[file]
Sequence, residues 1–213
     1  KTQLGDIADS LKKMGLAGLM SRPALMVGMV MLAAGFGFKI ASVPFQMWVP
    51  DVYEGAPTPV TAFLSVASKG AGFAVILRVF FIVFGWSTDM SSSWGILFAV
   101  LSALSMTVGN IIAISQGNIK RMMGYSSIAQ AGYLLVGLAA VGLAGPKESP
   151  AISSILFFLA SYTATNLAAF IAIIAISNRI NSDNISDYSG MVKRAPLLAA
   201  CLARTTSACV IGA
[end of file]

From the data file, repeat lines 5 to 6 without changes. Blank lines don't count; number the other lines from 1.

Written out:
   151  AISSILFFLA SYTATNLAAF IAIIAISNRI NSDNISDYSG MVKRAPLLAA
   201  CLARTTSACV IGA